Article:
I lay awake at night. My back ached and I couldn't fall asleep. If I say that I secretly cried in the faint glow of the bedroom night light, I wouldn't be exaggerating. I felt piteous and pathetic, with spells of anxiety and unanswerable questions. I shifted from the bed to the armchair. I heaped up pillows and built a rampart of blankets on the sides of the bed. Nothing helped. I couldn't find a position in which my body could sink into sweet sleep. And if I did find such a position for several minutes, fresh, new aches, unlike any before, would immediately assail me. These new messengers of pain bedeviled me ad nauseam until I broke into sudden, dry, body wracking sobs, swallowing shameless tears while cursing the modern medicines and my incurable, ancient body. Eventually, I would return to my restless, spasmodic nights.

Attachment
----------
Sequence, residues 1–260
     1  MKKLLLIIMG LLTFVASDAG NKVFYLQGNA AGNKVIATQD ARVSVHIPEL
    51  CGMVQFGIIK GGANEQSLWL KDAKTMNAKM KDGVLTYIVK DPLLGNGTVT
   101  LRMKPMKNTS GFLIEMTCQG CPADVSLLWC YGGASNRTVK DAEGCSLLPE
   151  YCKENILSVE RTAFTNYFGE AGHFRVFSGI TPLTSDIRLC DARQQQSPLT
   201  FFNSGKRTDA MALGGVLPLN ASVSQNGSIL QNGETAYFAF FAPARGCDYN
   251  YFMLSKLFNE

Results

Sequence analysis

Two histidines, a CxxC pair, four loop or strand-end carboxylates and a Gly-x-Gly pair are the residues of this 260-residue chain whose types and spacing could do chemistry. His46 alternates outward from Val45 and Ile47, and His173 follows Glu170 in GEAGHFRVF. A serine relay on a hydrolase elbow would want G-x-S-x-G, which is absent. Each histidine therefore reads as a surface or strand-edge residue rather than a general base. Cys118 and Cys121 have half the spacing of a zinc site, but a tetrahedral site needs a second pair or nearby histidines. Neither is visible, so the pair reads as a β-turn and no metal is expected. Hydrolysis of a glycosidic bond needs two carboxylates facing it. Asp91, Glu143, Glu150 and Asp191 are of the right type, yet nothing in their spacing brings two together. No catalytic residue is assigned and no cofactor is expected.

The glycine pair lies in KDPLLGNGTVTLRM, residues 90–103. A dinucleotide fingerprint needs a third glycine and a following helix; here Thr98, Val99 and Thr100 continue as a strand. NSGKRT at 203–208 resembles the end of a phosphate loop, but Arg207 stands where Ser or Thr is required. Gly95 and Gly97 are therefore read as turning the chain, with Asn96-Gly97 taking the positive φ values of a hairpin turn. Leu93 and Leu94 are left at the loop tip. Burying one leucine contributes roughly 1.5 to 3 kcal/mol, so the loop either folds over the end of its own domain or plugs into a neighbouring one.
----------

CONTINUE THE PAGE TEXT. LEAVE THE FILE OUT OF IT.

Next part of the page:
How long will I suffer like this I asked myself. How long will I remain this shell of a man too weak to control his limbs? And who had assured me that things would change for the better? It seemed to me during my hours of agony that my condition actually was worsening. How will I be in another month? Next year? Will this torment and humiliation go on forever?